I am a little better today, I got some good sleep.
When I get up I am immediately pummeled by the kids wanting food, especially coffee. I always hold back a bit and only let them have some if I have left overs (and that is rare) because I tend to think of it as an adult drink. And I don't have coffee every day. My kids LOVE coffee. I remember as a kid myself wanting my mother's coffee (she drank it black) because it smelled so good.
I remember the days as a kid going to church and sitting in the kitchen there while Mom and Dad were casting out demons in the pastor's lounge or delivering some sap from the sins of the flesh. I have talked about this some. I would be starving, eyeing half-eaten donuts but not hungry enough to desire graham crackers and drink watered down apple juice from Sunday School. Those were the times I went to Sunday School during the first service and then changed poopy diapers during the second service with the toddlers. The smell of strong (and probably gross) coffee down the hall always cheered me up and lured me in. I drank it black, like my mother, and loved it that way.
I think I loved it more for the forbidden nature of it rather than the taste itself. I am sure I would have enjoyed it more if I put the the sugar cubes (that I regularly sucked on) inside the Styrofoam cup instead of either, like I said, in my mouth, or cradled in the palm of my hand. There was truly nothing to do there, the boredom was endless. Too strong of coffee tasted good, it felt good to plop my head down on the faux wooden/black finished particle board fold up table, and I remember those days as being days where I was so hungry and tired I never knew what I wanted to do once I got home---eat or sleep. And we had a huge trip. And I got the lovely pleasure of crunching myself in the hatchback trunk. With my sister. The hour long drive would put a kink in my neck while my stomach rumbled and my fatigue set in. All I could think about was bed or a big fat hamburger. But where would I find the strength to eat it?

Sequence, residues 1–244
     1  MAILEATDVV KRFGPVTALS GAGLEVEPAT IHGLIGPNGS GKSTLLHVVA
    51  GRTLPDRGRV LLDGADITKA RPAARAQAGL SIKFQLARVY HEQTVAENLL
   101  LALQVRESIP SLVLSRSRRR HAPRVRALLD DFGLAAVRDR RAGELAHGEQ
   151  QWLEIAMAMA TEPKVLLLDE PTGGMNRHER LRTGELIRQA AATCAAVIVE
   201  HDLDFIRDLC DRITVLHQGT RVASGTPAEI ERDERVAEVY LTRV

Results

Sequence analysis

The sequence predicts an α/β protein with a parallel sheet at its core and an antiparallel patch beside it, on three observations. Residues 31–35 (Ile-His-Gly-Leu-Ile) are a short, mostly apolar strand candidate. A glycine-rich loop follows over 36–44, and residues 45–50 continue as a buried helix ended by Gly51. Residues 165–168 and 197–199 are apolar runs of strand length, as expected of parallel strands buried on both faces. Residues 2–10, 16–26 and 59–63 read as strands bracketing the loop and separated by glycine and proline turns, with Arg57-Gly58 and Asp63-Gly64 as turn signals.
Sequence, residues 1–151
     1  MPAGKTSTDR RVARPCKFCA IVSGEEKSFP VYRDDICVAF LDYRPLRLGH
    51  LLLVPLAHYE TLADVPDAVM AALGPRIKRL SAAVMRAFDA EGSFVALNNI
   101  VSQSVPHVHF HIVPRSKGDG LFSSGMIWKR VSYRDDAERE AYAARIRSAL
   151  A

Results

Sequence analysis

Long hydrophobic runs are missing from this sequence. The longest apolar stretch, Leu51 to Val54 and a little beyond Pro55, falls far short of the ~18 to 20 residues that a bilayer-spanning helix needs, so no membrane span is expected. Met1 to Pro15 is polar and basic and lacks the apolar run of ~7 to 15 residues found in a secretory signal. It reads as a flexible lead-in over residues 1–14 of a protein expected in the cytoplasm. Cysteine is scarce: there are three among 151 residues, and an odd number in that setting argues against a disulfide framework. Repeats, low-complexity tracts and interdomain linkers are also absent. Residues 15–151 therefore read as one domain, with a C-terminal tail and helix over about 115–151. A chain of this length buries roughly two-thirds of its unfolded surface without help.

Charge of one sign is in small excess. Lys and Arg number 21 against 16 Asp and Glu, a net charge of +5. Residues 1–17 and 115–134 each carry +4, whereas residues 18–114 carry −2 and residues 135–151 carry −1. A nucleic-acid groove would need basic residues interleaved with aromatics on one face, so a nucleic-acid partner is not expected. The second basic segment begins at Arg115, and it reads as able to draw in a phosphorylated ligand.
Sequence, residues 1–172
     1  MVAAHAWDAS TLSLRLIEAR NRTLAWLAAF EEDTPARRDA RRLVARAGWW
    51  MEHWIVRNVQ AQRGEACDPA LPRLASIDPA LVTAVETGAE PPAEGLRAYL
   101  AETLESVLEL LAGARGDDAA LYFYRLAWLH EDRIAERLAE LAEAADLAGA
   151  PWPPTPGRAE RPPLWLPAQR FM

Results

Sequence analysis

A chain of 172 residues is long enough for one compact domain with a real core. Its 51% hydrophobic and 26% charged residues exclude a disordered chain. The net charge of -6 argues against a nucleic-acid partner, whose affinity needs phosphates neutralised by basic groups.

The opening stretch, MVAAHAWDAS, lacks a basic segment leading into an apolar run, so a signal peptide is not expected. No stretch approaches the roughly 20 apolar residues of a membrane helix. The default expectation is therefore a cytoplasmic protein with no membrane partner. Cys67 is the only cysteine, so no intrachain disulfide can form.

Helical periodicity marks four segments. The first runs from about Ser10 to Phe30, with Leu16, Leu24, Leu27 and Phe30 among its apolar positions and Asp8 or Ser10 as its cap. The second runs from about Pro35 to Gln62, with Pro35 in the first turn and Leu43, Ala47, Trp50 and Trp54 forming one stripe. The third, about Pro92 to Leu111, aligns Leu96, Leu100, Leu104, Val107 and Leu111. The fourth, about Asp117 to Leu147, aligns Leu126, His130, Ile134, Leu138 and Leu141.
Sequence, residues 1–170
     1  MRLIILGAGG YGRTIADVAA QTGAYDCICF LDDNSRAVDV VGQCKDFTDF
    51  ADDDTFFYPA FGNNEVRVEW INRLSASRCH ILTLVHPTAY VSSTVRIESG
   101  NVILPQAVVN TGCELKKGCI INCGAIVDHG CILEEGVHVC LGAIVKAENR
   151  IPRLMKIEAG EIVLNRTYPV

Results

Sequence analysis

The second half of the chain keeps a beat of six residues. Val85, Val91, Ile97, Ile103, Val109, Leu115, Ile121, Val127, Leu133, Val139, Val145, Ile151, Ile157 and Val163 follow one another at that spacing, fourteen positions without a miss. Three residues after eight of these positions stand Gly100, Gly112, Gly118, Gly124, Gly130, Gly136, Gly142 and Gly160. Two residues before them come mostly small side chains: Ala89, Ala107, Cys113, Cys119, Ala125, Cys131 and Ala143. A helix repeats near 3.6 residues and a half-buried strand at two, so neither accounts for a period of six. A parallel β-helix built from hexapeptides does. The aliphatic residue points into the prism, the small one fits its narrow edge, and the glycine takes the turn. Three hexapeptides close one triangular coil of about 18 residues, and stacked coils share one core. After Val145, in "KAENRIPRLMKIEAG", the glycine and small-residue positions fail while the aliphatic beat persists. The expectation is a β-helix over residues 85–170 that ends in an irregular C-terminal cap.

My parents never brought snacks. What is the deal with parents bringing snacks now days to everything? I ALWAYS do. I mean, if we go out for a drive I am packing the water and pretzels or something in case someone feels a hunger pang. I always carry a power bar in my purse for emergencies. If I don't need it, I dole it out to someone else who does.
I remember when my older brother and sister would come back to the church kitchen after hopping the wall and going to the Carl's Jr. next door. I always knew without lifting my head from the faux table it was Carl's because I could smell the mustard on the burger. McDonald's never did that (I think that is why they got more popular with kids). They usually earned their own money somehow and could purchase something to eat, while I had already spent my 50 cents on a Snickers for second breakfast. And since we lived so far away we were always in a rush to get to church anyway---I doubt we really ever ate breakfast. I just remember the seven of us running around like crazy getting ready and then piling in the car.
So coffee smelled good. But I was desperate then. I wonder if it is in my blood? My kids are coffee scavengers. If I have some cold stuff left in the pot they are on it. They want an iced coffee then (I make killer iced coffee). I frequently buy coffee ice cream too and they love that as well. But of course we live in a coffee society where a Starbucks is on every corner or everyone is toting a cup with a lid around indicating they spent four bucks for their morning pick me up. I do the math in my head at times and it freaks me out. I get one of those like ten times a YEAR. It is a treat, not a daily allowance. You brew the stuff at home. But that is just me.
"You'll stunt your growth, quit drinking that stuff!" some guy in a suit would say as he picks up a donut, takes a bite, and eyes me with my head on the table, cup in hand.
Yeah right, I would think.
That makes me laugh really. I am the tallest girl. My mother is 5'2, my older sister is around that, and I am 5'5. Heck, coffee made me grow.